So, Minister of Finance, Economic Planning and Development Goodall Gondwe is asking Parliament to approve an extra K32 billion (US$71million) in the Mid-term Budget Review.
If approved, this will increase the zero-aid based 2014/15 National Budget from K748 billion (US$1.7 billion) approved by Parliament last September to K780 billion(US$1.7)
The Minister of Finance’s request for additional resources in the budget should be looked at in the context of the fact that the initial financial plan had a K107 billion deficit. The deficit stood at K78 billion as of December 2014, according to Reserve Bank of Malawi (RBM).
In his Mid-term Budget Review Statement presented in Parliament last Friday, good ol’ Goodall said the K32 billion would be raised from various sources, including K13 billion through pledged additional grants, K8 billion in excess tax revenue from existing approved taxes and K10 billion to be borrowed locally.
From the statement, it is clear that implementation of the zero-aid budget faced setbacks, including under-collection of domestic resources and grants, during the first six months of the financial year.
Traditionally, Malawi has been budgeting its annual expenditures taking into account contributions from its development partners who put in about 40 percent on the recurrent budget and 80 percent in the development budget.
However, this year, the budget was based on a zero-aid concept after donors or development partners withheld their budgetary support in October 2013 in protest against the plunder of public resources at Capital Hill widely known as Cashgate.
For the record, planning our expenditures on local resources is not a bad idea altogether. It is the way to go, especially for a country that has clocked over 50 years of independence and needs financial/economic independence.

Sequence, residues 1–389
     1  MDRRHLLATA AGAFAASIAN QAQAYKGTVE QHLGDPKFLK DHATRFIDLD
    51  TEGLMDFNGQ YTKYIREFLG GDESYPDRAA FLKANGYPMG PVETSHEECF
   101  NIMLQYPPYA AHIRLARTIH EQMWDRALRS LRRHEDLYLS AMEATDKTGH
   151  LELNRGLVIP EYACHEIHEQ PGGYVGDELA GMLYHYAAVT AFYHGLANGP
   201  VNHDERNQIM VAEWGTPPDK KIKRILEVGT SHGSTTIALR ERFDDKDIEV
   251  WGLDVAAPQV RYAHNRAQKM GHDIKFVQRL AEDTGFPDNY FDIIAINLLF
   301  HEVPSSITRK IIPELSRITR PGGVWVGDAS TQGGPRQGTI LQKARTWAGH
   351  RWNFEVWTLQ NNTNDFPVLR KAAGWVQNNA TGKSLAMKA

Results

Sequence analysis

However, it is unfortunate that we seem to be forced to implement or experiment on such concepts towards economic independence. Going forward, we need, as a country, to have a short to medium term plan to facilitate our graduation to economic independence. We can say, for example, that in five years’ time our dependence on donors, especially on the recurrent budget, should be reduced to 10 or 15 percent and match that with action on the ground.
Back to the substantive issues raised by good ol’ Goodall in his Mid-term Budget Review Statement. I have problems with some of the proposals the minister is making regarding revenue sources for the budget in the last half of the financial year.
For instance, the question of borrowing an extra K10 billion locally should surely send shivers down the spines of many Malawians. This will increase pressure on interest rates.
Due to excessive government borrowing over the years (the debt stood at K100 billion-plus sometime back), the interest rates are already on the higher side, literally pushing out the private sector from the market. Currently, the lending rates hover around 40 percent, some of the highest in the world.
There is also no concrete evidence from donors that the grants will be made available this time around after failing to do the same in the first half. Of course, the African Development Bank (AfDB) has hinted at the possibility of resuming budget support in April or thereabouts, but that is just one of the rare cases. In fact, it is a pledge. There have been several others before. Even if the supportt comes in, will that not be too late?
Public tax collector the Malawi Revenue Authority (MRA) just met their projections. Low domestic tax collections are also a reflection of poor performance of businesses who are finding the going tough in the economy. Many have scaled down operations, what has been done to improve the situation and have such enterprises perform to their optimum and pay more taxes?
What I see from the minister’s statement is a government basing its financial plan on “hope”. You do not run a government based on hope, but the realities on the ground. It is important for government to widen sources of domestic revenues besides improving the performance of the Public Finance Management tools to regain the confidence of development partners. These are sure options to balance our budgets.